“Grace Unplugged” fails to capture attention


Photo courtesy of www.graceunplugged.com

Anshula Rudhraraju, Entertainment Editor

For Grace Trey, music is life. But for the last 18 years, she has been confined to singing alongside her father, one-hit wonder Johnny Trey, in the church halls in Birmingham, Ala. All Grace ever wanted was a chance to “blow people away her music.”

Directed by Brad J. Silverman, “Grace Unplugged” follows the story of a teen rebel who has lost sight of faith. Trey, played by AJ Michalka, runs away to Los Angeles, leaving behind a set of worried family members and friends in order to start her life as a star.

The film barely touches the surface of reality, making it seem as though the only problems with Hollywood life are underage drinking and staged boyfriends. There is no doubt that this was done to preserve the movie’s PG rating. The film’s clichéd plot also lacked the original twist that it needed to make the movie tolerable.

For a musical drama, “Grace Unplugged” lacked music that was coherent with the scenes. Many times the film lacked a score when it was needed, creating many awkward silences that often lasted for several minutes.  The score, however, wasn’t half as bad as the cinematography and lighting, which matched the level of what a first-year college film student is capable of.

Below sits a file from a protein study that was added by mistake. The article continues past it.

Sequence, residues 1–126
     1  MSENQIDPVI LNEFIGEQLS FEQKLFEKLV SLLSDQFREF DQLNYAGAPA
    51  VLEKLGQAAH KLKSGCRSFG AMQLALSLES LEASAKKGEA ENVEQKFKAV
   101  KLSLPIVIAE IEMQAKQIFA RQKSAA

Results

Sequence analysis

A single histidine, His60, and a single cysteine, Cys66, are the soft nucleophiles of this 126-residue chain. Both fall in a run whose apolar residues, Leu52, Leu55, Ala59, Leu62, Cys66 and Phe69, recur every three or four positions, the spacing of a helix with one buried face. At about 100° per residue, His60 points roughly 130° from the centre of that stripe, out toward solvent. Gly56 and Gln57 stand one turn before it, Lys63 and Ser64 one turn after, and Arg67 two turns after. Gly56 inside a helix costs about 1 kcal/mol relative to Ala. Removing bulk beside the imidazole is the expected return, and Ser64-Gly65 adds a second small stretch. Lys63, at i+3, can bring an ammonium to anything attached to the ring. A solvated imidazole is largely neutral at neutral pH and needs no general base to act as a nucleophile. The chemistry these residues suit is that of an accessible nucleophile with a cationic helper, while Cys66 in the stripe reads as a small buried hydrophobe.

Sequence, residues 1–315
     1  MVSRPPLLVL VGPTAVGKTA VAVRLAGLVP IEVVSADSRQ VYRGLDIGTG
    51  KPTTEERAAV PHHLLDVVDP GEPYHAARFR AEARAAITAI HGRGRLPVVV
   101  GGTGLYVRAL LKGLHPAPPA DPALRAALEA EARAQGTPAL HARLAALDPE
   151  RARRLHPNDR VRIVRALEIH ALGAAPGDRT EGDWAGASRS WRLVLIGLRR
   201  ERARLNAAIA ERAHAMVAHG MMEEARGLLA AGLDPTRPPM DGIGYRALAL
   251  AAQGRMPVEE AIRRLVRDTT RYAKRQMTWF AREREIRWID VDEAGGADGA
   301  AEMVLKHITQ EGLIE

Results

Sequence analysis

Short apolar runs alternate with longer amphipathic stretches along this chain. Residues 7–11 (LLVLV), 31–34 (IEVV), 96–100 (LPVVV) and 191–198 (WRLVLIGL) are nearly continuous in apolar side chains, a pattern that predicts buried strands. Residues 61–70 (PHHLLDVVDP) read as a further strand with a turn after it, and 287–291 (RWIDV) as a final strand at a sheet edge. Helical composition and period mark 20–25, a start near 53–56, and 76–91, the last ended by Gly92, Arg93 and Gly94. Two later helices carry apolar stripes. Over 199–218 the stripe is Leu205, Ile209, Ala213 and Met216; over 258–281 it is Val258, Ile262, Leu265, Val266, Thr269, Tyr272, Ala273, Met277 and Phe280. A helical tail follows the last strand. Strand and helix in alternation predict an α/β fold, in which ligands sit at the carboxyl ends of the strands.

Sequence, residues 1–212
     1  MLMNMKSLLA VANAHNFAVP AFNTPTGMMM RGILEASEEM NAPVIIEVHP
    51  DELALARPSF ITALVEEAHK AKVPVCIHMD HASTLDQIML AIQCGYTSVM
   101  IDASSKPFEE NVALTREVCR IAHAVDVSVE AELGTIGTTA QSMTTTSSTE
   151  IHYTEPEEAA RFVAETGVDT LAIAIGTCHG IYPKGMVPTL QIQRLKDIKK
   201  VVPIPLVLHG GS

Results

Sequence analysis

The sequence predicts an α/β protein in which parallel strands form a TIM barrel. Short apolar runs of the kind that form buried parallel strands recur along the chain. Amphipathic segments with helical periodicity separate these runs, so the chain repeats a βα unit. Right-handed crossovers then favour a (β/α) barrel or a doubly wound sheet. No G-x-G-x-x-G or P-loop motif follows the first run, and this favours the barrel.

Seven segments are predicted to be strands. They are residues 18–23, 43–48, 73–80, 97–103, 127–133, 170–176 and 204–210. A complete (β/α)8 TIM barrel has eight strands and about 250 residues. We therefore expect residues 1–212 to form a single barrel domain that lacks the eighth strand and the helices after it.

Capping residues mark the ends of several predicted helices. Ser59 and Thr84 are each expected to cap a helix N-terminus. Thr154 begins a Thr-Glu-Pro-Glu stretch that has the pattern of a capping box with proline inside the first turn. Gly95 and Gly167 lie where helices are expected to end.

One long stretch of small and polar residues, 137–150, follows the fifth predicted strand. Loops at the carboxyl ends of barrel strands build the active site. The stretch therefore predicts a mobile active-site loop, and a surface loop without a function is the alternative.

Most of the actors were unable to capture the emotional rollercoaster that was inherently present in the film. It’s hard to blame the cast, since the screenwriters, Silverman and Brandon Rice (the author of the book on which the movie is based off of), crafted characters with dialogue that smoothed off any rough edges, leaving them without any complex dimensionality.

The only highlight of the film was Michalka’s impressive vocal range, a mild compensation for her lack of acting skills. The only other character that deserved attention is Quentin, played by Michael Walsh. Although Walsh occasionally overplayed his part, he captured the tenderness of Trey’s nervous, stumbling assistant.

Set with a serious tone that provided fruitless attempts at comedic relief and taken on an obviously low budget, “Grace Unplugged” would have been better off as a made-for-television movie.